In this article, I continue to review the exciting features available in SQL Server 2016. One such feature is the long awaited T-SQL support for JSON formatted data. In this article we take a look at how JSON support will impact data warehouse solutions.


Since the advent of EXtensible Markup Language (XML) many modern web applications have focused on providing data that is both human-readable and machine-readable. From a relational database perspective, SQL Server kept up with these modern web applications by providing support for XML data in a form of an XML data type and several functions that could be used to parse, query and manipulate XML formatted data.

As a result of being supported in SQL Server, data warehouse solutions based off SQL Server were then able to source XML-based OLTP data into a data mart. To illustrate this point, let’s take a look at the XML representation of our fictitious Fruit Sales data shown in figure below.

To process this data in data warehouse, we would first have to convert it into relational format of rows and columns using T-SQL XML built-in functions such as the nodes() function. 

The results of the above script are shown in figure below in a recognisable format for data warehouse.

Soon after XML became a dominant language for data interchange for many modern web applications, JavaScript Object Notation (JSON) was introduced as a lightweight data-interchange format that is more convenient for web applications to process than XML. Likewise most relational database vendors released newer versions of their database systems that included the support for JSON formatted data. Unfortunately, Microsoft SQL Server was not one of those vendors and up until SQL Server 2014, JSON data was not supported. Obviously this lack of support for JSON, created challenges for data warehouse environments that are based off SQL Server.

Although there were workarounds (i.e. using Json.Net) to addressing the lack of JSON support in SQL Server, there was always sense that these workarounds were inadequate, time-wasting, and were forcing data warehouse development teams to pick up a new skill (i.e. learn .Net). Fortunately, the release of SQL Server 2016 has ensured that development teams can throw away their JSON workarounds as JSON is supported in SQL Server 2016.

Parsing JSON Data into Data Warehouse

Similarly to XML support in SQL Server, SQL Server supports of JSON can be classified into two ways:

  • Converting Relational dataset into JSON format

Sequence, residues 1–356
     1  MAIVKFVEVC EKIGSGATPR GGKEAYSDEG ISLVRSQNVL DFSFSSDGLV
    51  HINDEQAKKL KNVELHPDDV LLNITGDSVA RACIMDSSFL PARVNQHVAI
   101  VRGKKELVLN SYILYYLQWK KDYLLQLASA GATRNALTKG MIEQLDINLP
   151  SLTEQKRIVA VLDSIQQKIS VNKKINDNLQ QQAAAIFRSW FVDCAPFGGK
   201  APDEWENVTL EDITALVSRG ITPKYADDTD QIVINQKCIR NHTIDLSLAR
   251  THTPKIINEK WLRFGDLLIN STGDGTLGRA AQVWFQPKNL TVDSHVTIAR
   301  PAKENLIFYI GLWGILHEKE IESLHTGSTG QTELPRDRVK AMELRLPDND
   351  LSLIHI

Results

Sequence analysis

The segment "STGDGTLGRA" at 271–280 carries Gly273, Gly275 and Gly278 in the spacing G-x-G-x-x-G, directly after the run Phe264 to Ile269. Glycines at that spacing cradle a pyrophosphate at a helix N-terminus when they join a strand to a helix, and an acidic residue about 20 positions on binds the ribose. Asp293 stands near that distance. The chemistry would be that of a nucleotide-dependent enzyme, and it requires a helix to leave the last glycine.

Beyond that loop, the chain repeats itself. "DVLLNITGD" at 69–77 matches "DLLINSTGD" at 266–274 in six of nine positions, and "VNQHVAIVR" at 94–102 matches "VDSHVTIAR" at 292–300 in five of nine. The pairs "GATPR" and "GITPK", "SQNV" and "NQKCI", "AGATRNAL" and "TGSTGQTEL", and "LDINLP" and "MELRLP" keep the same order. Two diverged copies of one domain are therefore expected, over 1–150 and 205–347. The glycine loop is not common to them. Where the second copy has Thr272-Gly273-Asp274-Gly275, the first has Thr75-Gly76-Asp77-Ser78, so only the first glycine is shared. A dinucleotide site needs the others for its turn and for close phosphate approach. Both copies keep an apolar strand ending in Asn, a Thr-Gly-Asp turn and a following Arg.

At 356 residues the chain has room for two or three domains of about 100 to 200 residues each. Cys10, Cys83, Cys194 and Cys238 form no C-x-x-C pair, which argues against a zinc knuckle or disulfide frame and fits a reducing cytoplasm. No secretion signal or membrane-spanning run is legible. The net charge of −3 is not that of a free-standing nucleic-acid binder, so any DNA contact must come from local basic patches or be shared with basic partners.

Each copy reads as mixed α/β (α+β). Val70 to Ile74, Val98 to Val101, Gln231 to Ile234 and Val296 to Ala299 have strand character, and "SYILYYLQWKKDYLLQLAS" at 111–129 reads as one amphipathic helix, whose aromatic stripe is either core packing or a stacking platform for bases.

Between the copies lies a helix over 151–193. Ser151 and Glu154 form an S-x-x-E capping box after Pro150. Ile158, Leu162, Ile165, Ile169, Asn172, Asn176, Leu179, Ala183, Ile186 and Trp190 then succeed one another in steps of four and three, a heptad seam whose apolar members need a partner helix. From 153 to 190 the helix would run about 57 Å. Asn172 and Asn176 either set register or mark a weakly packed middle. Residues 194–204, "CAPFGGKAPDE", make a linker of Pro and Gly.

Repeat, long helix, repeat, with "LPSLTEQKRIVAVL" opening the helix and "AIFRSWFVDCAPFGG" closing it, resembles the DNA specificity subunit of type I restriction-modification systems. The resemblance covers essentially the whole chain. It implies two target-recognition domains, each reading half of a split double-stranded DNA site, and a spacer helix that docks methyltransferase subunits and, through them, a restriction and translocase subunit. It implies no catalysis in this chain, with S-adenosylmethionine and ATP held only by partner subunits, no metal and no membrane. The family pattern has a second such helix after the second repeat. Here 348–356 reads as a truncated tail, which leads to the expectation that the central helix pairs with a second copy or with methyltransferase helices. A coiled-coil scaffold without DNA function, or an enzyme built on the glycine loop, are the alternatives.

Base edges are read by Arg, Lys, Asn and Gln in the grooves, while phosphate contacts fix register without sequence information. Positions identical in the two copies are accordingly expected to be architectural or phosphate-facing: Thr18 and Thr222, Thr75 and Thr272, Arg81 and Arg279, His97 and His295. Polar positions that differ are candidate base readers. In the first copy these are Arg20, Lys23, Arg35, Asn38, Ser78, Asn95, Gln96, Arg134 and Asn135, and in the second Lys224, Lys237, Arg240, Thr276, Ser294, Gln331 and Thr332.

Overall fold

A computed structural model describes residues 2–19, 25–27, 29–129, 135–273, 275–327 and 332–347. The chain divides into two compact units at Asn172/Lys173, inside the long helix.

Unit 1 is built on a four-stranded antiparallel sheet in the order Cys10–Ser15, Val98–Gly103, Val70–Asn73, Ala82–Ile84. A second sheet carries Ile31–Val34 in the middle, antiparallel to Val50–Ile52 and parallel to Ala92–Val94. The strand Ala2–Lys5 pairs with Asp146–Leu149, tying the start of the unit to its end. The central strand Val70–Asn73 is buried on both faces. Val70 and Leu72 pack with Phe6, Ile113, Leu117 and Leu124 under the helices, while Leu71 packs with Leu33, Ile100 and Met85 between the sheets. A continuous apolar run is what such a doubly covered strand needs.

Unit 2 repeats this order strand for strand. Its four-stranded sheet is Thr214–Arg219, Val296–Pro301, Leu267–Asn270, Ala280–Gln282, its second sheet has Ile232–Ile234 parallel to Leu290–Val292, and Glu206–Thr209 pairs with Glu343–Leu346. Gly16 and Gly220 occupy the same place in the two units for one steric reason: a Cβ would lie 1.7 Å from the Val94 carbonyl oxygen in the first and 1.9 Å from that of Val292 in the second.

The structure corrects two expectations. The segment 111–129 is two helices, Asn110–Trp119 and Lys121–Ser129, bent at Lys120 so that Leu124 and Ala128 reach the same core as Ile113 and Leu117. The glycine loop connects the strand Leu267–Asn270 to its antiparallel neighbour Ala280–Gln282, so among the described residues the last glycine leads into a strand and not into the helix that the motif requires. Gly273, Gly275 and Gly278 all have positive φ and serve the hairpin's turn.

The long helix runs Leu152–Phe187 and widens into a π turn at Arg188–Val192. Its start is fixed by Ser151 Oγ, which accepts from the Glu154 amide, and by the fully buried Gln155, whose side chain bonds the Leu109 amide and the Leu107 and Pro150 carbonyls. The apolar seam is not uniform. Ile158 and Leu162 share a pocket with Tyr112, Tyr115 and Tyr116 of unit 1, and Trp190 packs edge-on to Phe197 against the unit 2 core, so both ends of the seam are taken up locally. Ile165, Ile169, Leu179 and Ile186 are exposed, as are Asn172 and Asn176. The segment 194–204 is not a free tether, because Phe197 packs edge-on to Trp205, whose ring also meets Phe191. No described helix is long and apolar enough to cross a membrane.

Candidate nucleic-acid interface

• Converting JSON dataset into relational format

However, for the purposes of this discussion we are focusing primarily on the second part – which is converting a JSON formatted data (retrieved from OLTP sources) into a relational format of rows and columns. To illustrate our discussion points we once again make use of the fictitious fruit sales dataset. This time around the fictitious dataset has been converted into a JSON format as shown below.

ISJSON function

As part of supporting JSON formatted data in other relational databases such as MySQL and PostgreSQL 9.2, there is a separate JSON data type that has been introduced by these vendors. Amongst other things, JSON data type conducts validation checks to ensure that values being stored are indeed of valid JSON format.

Unfortunately, SQL Server 2016 (and ORACLE 12c) do not have a special data type for storing JSON data instead a variable character (varchar/nvarchar) data type is used. Therefore, a recommended practice to dealing with JSON data in SQL Server 2016 is to firstly ensure that you are indeed dealing with a valid JSON data. The simplest way to do so is to use the ISJSON function. This is a built-in T-SQL function that returns 1 for a valid JSON dataset and 0 for invalids.

Image below shows us the implementation of ISJSON function whereby we validate our fictitious sample dataset.

OPENJSON function

Now that we have confirmed that we are working with a valid JSON dataset, the next step is to convert the data into a table format. Again, we have a built-in T-SQL function to do this in a form of OPENJSON. OPENJSON works similar to OPENXML in that it takes in an object and convert its data into rows and columns.

Figure below shows a complete T-SQL script for converting JSON object into rows and columns.

Once we execute the above script, we get relational output shown below.

Now that we have our relational dataset, we can process this data into data warehouse.

JSON_VALUE function

Prior to concluding our discussion of JSON in SQL Server 2016, it is worth mentioning that in addition to OPENJSON, you have other functions such as JSON_VALUE that could be used to query JSON data. However this function returns a scalar value which means that unlike the multiple rows and columns returned using OPENJSON, JSON_VALUE returns a single value as shown below.

If you the JSON object that you are querying doesn’t have multiple elements, than you don’t have to specify the row index (i.e. [0]) as shown below.


The long wait is finally over and with the release of SQL Server 2016, JSON is now supported. Similarly to XML, T-SQL support the conversion of JSON object to relational format as well the conversion of relational tables to a JSON object. This support is implemented via built-in T-SQL functions such as OPENJSON and JSON_VALUE. In spite of all the excitement with the support of JSON is SQL Server 2016, we still don’t have a JSON data type. The ISJSON function can then be used to validate JSON text.